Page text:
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sprezzatech blog #0005

Dirty South Supercomputers and Waffles
UNIX, HPC, cyberwarfare, and chasing perf in Atlanta.
autoconfization? autotoolizing? autoconfiscation? adding autotools, pt. 1.
tue 2012-02-21 04:29:11 est
Anyone who's worked with much open source software is familiar with the invocation ./configure && make && sudo make install. In such usages, the configure script and resulting Makefile are (aside from the case of MPlayer, which — being run by mad Hungarians — does everything differently) the work of the GNU Autotools. I can't do better than the GNU project page itself for a description:

“Autoconf is an extensible package of m4 macros that
m4 is a POSIX-standard (1003.1) general-purpose macro processing facility courtesy of Kernighan and Ritchie. Besides Autotools, it's used by Sendmail and some RATFOR implementations; I use it to send my Christmas cards. YMMV.
produce shell scripts to automatically configure software source code packages. These scripts can adapt the packages to many kinds of UNIX-like systems without manual user intervention. Autoconf creates a configuration script for a package from a template file that lists the operating system features that the package can use, in the form of m4 macro calls.”

I had until now foregone Autotools in my own packages, for any number of reasons (Linux bigotry, horrible stories of buggy ./configure scripts, knowing how difficult it is to properly handle cancellation (especially portably) in scripts and Makefiles, the belief that portability issues can be more properly addressed in code itself, habit).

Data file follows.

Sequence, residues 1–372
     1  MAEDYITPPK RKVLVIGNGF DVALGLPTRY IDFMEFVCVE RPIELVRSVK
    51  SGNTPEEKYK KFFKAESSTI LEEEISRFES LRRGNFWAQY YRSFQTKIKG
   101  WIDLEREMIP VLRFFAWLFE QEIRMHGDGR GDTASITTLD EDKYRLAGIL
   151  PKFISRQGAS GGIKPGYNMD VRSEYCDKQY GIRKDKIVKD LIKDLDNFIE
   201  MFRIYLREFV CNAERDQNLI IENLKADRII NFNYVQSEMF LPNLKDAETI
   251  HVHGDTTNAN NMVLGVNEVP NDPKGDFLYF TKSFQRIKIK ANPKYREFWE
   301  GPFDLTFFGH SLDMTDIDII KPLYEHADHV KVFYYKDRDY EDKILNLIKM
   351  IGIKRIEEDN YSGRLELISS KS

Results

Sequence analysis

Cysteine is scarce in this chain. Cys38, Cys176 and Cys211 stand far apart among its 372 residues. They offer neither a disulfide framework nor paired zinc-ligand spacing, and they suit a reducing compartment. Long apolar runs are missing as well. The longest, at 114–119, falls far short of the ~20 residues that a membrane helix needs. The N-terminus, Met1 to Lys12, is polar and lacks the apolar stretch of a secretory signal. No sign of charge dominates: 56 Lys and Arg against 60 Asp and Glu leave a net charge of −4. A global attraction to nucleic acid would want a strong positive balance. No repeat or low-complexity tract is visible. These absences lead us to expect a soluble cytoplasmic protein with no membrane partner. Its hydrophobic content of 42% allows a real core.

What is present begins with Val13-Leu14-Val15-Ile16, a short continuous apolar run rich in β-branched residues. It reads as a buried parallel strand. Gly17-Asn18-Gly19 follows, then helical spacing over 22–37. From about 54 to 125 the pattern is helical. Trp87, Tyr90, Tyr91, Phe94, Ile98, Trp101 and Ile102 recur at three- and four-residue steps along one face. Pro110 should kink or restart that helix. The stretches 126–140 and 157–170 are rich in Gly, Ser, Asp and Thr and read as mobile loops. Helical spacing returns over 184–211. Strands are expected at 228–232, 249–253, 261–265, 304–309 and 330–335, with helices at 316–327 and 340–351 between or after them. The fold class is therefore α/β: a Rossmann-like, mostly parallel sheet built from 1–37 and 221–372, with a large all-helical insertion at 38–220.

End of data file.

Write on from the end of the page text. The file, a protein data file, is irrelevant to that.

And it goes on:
A digression, if you'll allow one, regarding make and particularly GNU Make. First off, if you've never read it, please go read, reread, internalize and never forget Peter Miller's 1997 classic, “Recursive Make Considered Harmful”. It's the single best bit of advice regarding make I've ever read, and I end up having to print it out and thrust it upon my peers everywhere I go work. Check out Paul Smith's Rules of Makefiles while you're at it, and my own GNU Make page has some useful animadversions. If you follow the suggestion about using a portable make (i.e. GNU Make) rather than writing portable Makefiles, you'll want USE_GMAKE=yes in your FreeBSD Port (FreeBSD uses Berkeley Make by default). It's best in any case to rely on portable tools, however, so take GNU's advice: include SHELL:=/bin/sh [0] in your Makefile's header, and avoid utilities beyond awk, cat, cmp, cp, diff, echo, egrep, expr, false, grep, install-info, ln, ls, mkdir, mv, printf, pwd, rm, rmdir, sed, sleep, sort, tar, test, touch, tr, and true [1], [2].
After Steve Jenson (of Twitter's infrastructure team) asked about whether Libtorque could run on Mac OSX, however, I realized it was about time that I took the plunge and studied Autotools. Since then, I've added (fairly minimal) Autotools support to Omphalos; this post details such additions, and the lessons learned.

One of my major blocks regarding Autotools was its lack of integration into standard texts (and generally shitty man pages), and absence from the POSIX standards. You'll find no mention of it in Stevens's and Rago's Advanced Programming in the UNIX® Environment or Kerrisk's Linux Programming Interface. ESR's Art of UNIX Programming has just over a page of material, with no usage notes. At least to me, there's long seemed something ad hoc and disreputable about Autotools. I've not yet read Calcote's Autotools: A Practioner's Guide (No Starch Press is very much a hit-or-miss publishing house, largely — like O'Reilly — motivated by authors, marked by dubious editing, and at times little better than a bound copy of the program manuals), but it looks pretty decent. RedHat makes freely available an older book, GNU Autoconf, Automake and Libtool. For now, your best reference appears to be the Autoconf manual on the GNU site or in your Autotools distribution. Throughout this article, I'll be referring to the 2010-09-22 publication of the manual, corresponding to the 2.68 release.